Background: The cause of a pediatric out-of-hospital cardiac arrest (OHCA) may go unexplained in the emergency department setting but can be secondary to a toxicologic etiology. It is unclear how toxicologic screens are used in the postarrest period after a pediatric OHCA. Objectives: The primary objectives are to describe 1) when the toxicology screen (urine and serum) is used, 2) patient characteristics, and 3) toxicology screen results. We hypothesized that toxicology screens are frequently used but that positive results are uncommon. Methods: This was a retrospective study of pediatric OHCA patients admitted to the Penn State Health Children's Hospital pediatric intensive care unit as transfers from the emergency department between January 1, 2011 and May 31, 2018. We reviewed the electronic health record and evaluated for toxicology screen completion, patient characteristics, and toxicology screen results. Results: One hundred forty-one patients had a pediatric OHCA. Sixty-three (44.7%) patients did not have a toxicology screen completed. A toxicology screen had a higher completion rate for children >11 years of age (n = 26 [78.8%]; p = 0.0024), and in unwitnessed arrests (n = 48 [66.7%]; p = 0.0052). Four cases (5.1%) revealed the presence of substances that were not administered by a medical provider or were illicit. Conclusion: Our study found that in pediatric OHCA, toxicologic screens were completed but were not routinely sent in our institution. There may be factors such as clinician bias or the severity of a patient's illness that impact the approach to toxicologic screening in pediatric OHCA. In addition to the history and physical examination, emergency physician and pediatric intensivists should consider routinely sending toxicologic screens to assist in uncovering any accidental or malicious explanation for the event.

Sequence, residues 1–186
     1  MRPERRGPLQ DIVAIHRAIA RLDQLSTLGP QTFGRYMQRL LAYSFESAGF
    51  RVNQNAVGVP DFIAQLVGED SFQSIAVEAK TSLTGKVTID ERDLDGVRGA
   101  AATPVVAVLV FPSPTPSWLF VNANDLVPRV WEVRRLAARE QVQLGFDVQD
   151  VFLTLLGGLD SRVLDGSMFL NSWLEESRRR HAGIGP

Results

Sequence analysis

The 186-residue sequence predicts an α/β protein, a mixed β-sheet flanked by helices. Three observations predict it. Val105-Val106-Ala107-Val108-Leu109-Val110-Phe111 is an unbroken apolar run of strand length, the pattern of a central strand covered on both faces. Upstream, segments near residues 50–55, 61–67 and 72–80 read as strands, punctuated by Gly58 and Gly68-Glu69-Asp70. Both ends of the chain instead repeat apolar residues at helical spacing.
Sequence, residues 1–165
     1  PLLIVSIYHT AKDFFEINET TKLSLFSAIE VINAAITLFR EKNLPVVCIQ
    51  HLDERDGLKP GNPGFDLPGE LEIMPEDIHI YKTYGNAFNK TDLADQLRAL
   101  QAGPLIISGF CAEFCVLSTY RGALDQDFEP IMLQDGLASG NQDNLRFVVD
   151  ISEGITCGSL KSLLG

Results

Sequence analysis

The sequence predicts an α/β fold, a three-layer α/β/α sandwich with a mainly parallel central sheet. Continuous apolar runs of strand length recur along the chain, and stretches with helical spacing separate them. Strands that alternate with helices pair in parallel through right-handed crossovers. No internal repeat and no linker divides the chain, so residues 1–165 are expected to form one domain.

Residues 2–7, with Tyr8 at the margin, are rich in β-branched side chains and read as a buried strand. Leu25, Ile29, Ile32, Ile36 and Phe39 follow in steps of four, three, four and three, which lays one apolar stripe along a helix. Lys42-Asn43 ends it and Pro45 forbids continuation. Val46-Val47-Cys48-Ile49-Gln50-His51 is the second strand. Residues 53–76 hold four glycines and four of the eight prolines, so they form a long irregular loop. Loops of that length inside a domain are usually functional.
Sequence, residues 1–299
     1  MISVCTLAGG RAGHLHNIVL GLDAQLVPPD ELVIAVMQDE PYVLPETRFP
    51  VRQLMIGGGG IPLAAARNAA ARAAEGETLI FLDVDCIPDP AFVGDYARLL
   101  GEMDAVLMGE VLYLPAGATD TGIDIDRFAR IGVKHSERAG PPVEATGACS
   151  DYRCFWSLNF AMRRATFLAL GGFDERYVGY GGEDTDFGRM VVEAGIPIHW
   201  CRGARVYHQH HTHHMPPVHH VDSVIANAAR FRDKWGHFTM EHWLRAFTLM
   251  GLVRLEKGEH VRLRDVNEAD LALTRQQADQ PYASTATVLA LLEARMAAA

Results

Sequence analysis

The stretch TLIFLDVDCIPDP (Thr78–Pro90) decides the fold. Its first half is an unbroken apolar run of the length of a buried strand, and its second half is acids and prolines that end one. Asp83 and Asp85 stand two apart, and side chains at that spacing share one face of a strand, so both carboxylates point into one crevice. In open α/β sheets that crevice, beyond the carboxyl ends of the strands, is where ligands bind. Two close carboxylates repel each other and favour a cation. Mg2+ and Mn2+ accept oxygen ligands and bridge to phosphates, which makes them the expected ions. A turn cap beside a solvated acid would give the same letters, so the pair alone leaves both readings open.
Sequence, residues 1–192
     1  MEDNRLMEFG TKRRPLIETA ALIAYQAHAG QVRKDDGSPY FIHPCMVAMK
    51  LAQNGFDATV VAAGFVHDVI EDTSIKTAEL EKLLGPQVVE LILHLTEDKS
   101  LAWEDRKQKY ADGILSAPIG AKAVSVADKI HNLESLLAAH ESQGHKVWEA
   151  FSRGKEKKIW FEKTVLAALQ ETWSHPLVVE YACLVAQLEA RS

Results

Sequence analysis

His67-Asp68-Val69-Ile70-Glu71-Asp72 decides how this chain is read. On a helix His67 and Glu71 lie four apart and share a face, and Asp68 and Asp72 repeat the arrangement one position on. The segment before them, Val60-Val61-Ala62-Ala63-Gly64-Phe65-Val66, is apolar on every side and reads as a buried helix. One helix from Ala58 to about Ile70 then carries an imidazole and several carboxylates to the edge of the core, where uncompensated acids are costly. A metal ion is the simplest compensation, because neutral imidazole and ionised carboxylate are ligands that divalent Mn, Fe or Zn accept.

All Science Journal Classification (ASJC) codes
- Emergency Medicine